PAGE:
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I like the idea (I actually made a post on the very same subject myself a few days ago), but penalizing them with reputation subtraction is not a good idea.

I can see several issues with that:

  • Incorrect judgement by the community subtracts reputation when it shouldn't (with the amount of poor reviewers, this is a real issue).
  • As Richard remarks: friendly reviewers will go out of their way to prevent a reject, leaving robo-reviewers free play.
  • Inflated reputation: if you give +3 or +5 rep for accepted edits the overall worth of reputation is going down since it's a lot easier to receive reputation.

What instead should happen is some sort of warning system. When users are getting their edits rejected too much they should (gradually) receive warnings AND positive notifications when they're heading back the right direction.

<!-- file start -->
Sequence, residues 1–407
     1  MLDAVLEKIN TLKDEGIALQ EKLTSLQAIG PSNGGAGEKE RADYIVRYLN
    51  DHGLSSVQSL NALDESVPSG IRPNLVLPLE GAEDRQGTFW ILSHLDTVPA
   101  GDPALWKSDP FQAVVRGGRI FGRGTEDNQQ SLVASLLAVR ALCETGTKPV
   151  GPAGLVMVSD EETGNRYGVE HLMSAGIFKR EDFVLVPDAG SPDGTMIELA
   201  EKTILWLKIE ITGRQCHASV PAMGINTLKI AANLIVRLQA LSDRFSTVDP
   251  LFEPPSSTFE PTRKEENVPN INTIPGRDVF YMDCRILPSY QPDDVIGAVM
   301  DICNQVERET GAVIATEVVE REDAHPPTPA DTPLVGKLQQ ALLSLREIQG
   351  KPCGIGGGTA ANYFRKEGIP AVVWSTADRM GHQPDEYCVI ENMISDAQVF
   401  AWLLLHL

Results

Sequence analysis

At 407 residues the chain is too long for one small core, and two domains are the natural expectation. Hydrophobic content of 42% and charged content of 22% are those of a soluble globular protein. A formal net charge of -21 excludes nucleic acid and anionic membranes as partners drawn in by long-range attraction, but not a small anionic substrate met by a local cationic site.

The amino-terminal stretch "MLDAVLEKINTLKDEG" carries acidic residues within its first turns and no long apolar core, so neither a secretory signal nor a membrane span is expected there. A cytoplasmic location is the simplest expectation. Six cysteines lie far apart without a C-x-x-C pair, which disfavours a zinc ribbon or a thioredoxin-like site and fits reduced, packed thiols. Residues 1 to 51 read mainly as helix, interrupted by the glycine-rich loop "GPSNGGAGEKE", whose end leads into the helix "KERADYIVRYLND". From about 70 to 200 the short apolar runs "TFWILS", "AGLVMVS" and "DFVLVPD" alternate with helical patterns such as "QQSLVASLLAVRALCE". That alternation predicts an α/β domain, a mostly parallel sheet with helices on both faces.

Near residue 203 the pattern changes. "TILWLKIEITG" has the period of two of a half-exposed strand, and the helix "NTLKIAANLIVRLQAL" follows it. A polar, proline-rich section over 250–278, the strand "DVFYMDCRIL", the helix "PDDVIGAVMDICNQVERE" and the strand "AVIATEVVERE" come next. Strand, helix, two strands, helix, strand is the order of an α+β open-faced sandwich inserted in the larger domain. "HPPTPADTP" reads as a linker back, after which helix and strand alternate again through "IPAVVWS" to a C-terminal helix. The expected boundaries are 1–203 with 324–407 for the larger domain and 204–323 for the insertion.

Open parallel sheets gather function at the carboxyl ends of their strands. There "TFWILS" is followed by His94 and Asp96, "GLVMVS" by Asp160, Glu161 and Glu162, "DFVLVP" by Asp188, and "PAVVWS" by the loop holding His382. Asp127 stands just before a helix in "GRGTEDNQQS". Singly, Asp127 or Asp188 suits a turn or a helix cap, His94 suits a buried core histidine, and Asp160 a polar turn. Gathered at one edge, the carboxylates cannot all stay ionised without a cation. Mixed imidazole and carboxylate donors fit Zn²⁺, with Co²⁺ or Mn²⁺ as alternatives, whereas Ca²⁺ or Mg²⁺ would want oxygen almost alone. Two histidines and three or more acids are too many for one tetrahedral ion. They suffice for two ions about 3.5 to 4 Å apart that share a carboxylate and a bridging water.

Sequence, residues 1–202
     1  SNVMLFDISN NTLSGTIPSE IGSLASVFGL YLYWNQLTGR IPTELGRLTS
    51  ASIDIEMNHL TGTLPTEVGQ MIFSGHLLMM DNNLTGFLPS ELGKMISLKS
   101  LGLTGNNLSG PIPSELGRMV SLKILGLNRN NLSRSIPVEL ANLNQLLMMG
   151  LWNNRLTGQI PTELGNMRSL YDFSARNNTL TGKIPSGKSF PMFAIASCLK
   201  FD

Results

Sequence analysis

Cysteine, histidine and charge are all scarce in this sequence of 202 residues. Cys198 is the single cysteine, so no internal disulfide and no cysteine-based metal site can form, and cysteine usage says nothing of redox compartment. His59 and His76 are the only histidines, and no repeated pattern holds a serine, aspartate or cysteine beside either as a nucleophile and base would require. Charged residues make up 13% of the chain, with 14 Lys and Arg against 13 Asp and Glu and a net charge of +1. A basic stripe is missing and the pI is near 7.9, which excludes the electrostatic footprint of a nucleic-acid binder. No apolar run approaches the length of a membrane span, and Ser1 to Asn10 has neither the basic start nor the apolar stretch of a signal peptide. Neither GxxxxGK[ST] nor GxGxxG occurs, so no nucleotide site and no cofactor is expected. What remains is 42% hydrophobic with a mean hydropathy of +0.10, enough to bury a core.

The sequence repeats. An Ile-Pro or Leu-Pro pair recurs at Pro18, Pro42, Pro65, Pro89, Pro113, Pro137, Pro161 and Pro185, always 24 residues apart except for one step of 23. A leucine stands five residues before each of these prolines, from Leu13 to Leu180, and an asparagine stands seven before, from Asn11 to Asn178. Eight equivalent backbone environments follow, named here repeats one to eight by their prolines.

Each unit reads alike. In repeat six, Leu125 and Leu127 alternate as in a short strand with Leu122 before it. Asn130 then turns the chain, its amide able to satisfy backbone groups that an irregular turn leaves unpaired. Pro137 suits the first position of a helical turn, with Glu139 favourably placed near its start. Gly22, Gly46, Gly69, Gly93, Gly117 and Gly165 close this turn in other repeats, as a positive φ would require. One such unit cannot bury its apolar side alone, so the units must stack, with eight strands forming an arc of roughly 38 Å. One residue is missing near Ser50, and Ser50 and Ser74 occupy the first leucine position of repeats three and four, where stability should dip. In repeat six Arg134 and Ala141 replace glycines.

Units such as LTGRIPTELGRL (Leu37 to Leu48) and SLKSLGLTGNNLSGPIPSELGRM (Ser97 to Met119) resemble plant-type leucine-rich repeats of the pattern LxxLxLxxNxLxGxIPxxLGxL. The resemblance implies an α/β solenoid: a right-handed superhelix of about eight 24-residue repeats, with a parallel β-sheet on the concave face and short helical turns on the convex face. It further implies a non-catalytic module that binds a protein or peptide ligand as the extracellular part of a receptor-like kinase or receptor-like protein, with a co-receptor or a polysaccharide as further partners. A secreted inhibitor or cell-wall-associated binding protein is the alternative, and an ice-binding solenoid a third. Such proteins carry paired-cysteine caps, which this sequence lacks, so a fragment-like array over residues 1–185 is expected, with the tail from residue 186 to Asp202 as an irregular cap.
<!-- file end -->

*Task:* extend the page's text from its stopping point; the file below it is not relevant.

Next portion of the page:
I have seen the argument about displaying negative notifications, but at that point we should ask ourselves the question: do we really want to do nothing when their decisions are affecting the community negatively? It might not be severe, but a friendly warning message isn't that intruding either.

This will allow users to revise their editing behaviour earlier on instead of just getting an edit ban out of nowhere without any indication why. Likewise adding the positive notifications will reinforce their behaviour and in its turn provide feedback that they're doing better.

What's key here is feedback: there should be a system that allows you an overview of your edits (both for reviewers and proposers) on a regular basis where you can review your decisions. They can serve as a tool for people to learn from, possibly with a few links to relevant meta posts for each rejection reason as further explanation.

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In the position of Stack Exchange, you don't want the user to have negative feedback. In the words of Jeff:

I understand the desire to educate, but there's something deeply wrong about the proposed design.

The net effect is the user seeing this broadcast in their face in the most obtrusive way we can:

You've done something wrong. Click here to learn why you suck.

You should only send the user obtrusive 'in-your-face' messages about how awesome they are.